Lead in Water

Lead in Water

Lead has been determined to be a significant health hazard if ingested, especially by children. Lead damages the brain and nervous system, adversely affects behavior and learning, slows growth, and causes problems related to hearing, pregnancy, high blood pressure, the nervous system, memory and concentration.

Lead in drinking water is a direct result of lead that is part of the plumbing system itself. Lead solder was used in pipe fittings in houses constructed prior to 1988. Lead has been used in plumbing fixtures, such as faucets.  And in some older homes, the service water pipe from the main in the street to the house is made of lead.

The transfer of lead into water is determined primarily by exposure, which is the length of time that water is in contact with lead. Two other factors that affect the transfer are water temperature (hot water dissolves lead quicker than cold water) and water acidity (“soft” water is slightly corrosive and reacts with lead).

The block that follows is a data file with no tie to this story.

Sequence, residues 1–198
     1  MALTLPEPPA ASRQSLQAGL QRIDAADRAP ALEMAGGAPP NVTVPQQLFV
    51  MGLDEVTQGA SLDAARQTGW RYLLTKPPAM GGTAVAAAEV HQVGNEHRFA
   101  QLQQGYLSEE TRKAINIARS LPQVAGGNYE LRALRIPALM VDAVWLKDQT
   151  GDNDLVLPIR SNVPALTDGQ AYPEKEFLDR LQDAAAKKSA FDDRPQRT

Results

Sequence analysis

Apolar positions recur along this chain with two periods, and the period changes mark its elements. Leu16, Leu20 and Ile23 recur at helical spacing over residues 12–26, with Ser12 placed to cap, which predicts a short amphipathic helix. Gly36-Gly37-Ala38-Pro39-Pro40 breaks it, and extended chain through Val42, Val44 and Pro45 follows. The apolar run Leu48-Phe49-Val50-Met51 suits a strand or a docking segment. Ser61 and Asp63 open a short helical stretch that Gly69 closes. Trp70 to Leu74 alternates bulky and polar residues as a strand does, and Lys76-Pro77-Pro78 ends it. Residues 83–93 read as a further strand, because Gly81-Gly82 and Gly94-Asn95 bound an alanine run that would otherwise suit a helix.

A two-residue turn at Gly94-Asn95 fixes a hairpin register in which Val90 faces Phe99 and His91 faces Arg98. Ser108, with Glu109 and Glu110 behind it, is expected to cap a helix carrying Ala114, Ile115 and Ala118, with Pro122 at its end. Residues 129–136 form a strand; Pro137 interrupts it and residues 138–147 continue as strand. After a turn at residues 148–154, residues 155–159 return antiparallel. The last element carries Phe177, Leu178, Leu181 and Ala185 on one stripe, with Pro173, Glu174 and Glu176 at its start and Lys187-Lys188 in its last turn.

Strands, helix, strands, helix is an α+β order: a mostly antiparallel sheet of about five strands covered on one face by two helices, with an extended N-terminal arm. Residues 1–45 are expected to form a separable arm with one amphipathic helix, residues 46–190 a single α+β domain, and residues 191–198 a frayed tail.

The current federal standard for lead in water is a limit of 15 parts per billion.

The only way to find out whether there is lead in the house’s water is to have the water tested by an approved laboratory. If there is evidence of lead in the system, consider having your home’s water tested for lead. If the house has a water filter, check to see if it is certified to remove lead. 

For more information on lead in drinking water, call the Environmental Protection Agency’s Safe Drinking Water Hotline at 800-462-4791, or visit the website of the EPA Office of Water at www.nachi.org/go/epasafewater 

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